It’s one of those words that seems to be dripping from the mouths of every progressive-minded or savvy professional with a LinkedIn profile – the need for ‘diversity’, in leadership, in government, on boards and in our national identity. Diversity of gender, sexuality, race and culture, ability, experiences, all of it.
Gone are the days of boardroom photos, advertising or corporate marketing materials that only feature white men and fail to recognise the many other groups that make up our communities.
Although some will undoubtedly continue to question its merit, the concept of diversity is necessary.
The power structures in our society have been skewed towards white men for too long, and the need to have representation from different parts of our communities to ensure equality and inclusion makes sense. But while that sounds good in theory, what it looks like in practice is harder to pin down.
If anything, focusing on ‘diversity’ has made it quite easy for organisations and governments to ‘brown/pink wash’ their images by bunging more women and people of colour and others into their photoshoots without meaningfully addressing inequality in their organisations.
As long as we keep the conversation centred around ‘diversity’, we’re also reinforcing the assumption that the majority is white and male, which is the starting point to diversify from. This centres on the dominant existing power structures and only allows minorities to participate from the margins.
So maybe it’s time we stepped away from diversity and set our aim higher?
It wasn’t that long ago that our understanding of inequality in Australia was nascent, and calling out sexism, racism, homophobia and other forms of discrimination was a risky and difficult thing to do. Sticking your neck out to stand up for equality meant being labelled as a troublemaker, argued with, and told that you were ‘too sensitive’.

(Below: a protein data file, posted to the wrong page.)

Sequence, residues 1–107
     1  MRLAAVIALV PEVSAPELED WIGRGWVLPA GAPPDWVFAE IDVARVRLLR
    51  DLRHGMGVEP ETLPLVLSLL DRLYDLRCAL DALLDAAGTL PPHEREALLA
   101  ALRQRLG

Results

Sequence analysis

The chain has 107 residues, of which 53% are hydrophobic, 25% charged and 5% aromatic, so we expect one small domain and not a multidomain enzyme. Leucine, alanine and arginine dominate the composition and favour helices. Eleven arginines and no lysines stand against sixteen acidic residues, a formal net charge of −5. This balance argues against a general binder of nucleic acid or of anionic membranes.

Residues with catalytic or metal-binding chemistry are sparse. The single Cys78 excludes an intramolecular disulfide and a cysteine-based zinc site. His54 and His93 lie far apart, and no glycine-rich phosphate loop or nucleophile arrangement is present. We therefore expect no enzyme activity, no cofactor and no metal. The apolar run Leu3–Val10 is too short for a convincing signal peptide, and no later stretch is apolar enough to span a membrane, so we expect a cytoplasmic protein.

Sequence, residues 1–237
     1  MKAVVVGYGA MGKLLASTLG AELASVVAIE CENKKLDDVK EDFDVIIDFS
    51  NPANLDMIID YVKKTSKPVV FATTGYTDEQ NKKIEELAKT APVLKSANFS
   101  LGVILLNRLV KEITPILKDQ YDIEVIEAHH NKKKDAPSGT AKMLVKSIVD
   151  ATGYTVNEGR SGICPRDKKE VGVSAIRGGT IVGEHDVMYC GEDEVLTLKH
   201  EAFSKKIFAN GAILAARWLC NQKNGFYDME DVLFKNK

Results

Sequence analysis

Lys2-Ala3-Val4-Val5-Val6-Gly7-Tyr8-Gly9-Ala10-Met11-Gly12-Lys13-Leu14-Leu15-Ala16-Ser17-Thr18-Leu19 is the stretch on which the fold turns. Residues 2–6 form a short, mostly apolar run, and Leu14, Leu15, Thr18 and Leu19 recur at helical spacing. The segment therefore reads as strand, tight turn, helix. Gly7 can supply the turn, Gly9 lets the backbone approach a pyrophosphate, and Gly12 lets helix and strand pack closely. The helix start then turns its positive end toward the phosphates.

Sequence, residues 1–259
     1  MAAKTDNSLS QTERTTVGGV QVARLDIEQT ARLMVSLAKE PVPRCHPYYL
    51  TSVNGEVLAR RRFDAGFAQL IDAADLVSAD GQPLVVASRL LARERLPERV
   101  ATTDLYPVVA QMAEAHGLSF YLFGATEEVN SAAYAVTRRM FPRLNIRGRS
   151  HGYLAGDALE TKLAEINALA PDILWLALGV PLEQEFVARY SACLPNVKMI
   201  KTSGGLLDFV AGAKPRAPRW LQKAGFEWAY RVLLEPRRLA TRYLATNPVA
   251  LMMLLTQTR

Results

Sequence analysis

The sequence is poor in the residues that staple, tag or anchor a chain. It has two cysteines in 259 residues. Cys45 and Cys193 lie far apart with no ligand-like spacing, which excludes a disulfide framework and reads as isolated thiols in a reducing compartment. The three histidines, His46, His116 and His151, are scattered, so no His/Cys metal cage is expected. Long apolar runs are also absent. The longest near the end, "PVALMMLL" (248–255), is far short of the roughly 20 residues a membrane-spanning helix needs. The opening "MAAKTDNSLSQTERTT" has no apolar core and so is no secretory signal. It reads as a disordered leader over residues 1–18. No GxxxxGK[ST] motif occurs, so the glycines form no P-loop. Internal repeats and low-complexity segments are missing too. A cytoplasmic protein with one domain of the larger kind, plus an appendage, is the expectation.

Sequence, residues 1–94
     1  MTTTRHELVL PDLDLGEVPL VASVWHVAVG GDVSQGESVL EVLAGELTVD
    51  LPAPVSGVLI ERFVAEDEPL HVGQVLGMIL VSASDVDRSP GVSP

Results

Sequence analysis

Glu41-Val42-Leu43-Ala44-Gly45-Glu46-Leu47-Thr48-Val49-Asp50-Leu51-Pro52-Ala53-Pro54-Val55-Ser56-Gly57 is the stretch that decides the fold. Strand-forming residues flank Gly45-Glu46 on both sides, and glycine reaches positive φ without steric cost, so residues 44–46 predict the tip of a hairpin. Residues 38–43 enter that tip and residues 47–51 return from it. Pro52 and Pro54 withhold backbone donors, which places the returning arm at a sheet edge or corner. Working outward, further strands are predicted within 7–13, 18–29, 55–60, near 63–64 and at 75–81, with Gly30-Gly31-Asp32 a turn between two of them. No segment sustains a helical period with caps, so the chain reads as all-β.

While identity politics and political correctness are bemoaned by conservatives for supposedly destroying our ability to have any fun, those of us who didn’t find the dominant sexist, racist, homophobic context to actually be that much fun are grateful for the progress that has been made. But now that we’re further down the track in moving towards a more equal and inclusive society, is it time to move beyond ‘diversity’ towards economic, social and political equality, and demand more from the systems that hold power?
When we talk about diversity, we do two things: first of all, we suggest that the only problem at hand is a lack of people from different identity groups in the room; secondly, we place the onus and responsibility on those people to represent their entire communities despite them remaining in the minority. It’s a neat way of escaping any responsibility for the injustices that have benefited the status quo, and it means that once visible diversity is achieved, no further action is required.
Suppose we recognised that diversity is just the very first step in the process. In that case, we could call for meaningful change for equality that would benefit more than the small group of individuals chosen to represent their demographics in leadership positions.
For example, what if, instead of only asking for more women on boards, we asked companies to also implement gender equality policies that include comprehensive parental leave offerings and domestic violence leave entitlements?
Or what if instead of only wanting to see healthcare providers show non-white patients in their corporate branding and advertising, we also lobbied for more funding to be made available to translating and interpreting services to ensure patients who have lower English-speaking skills are getting the care they deserve?
Or what if instead of demanding that a company implement an LGBTQIA+ network for staff and leaving it at that, we also asked for the provision of gender-neutral bathrooms in all corporate offices? These tangible changes will make a difference to people’s actual experiences on a day-to-day basis and go beyond feeling represented in media and imagery.
We’ve reached a point where people largely accept that a lack of diversity is a problem – but now it’s time for us to ensure that the solution goes beyond optics and towards tangible, meaningful change.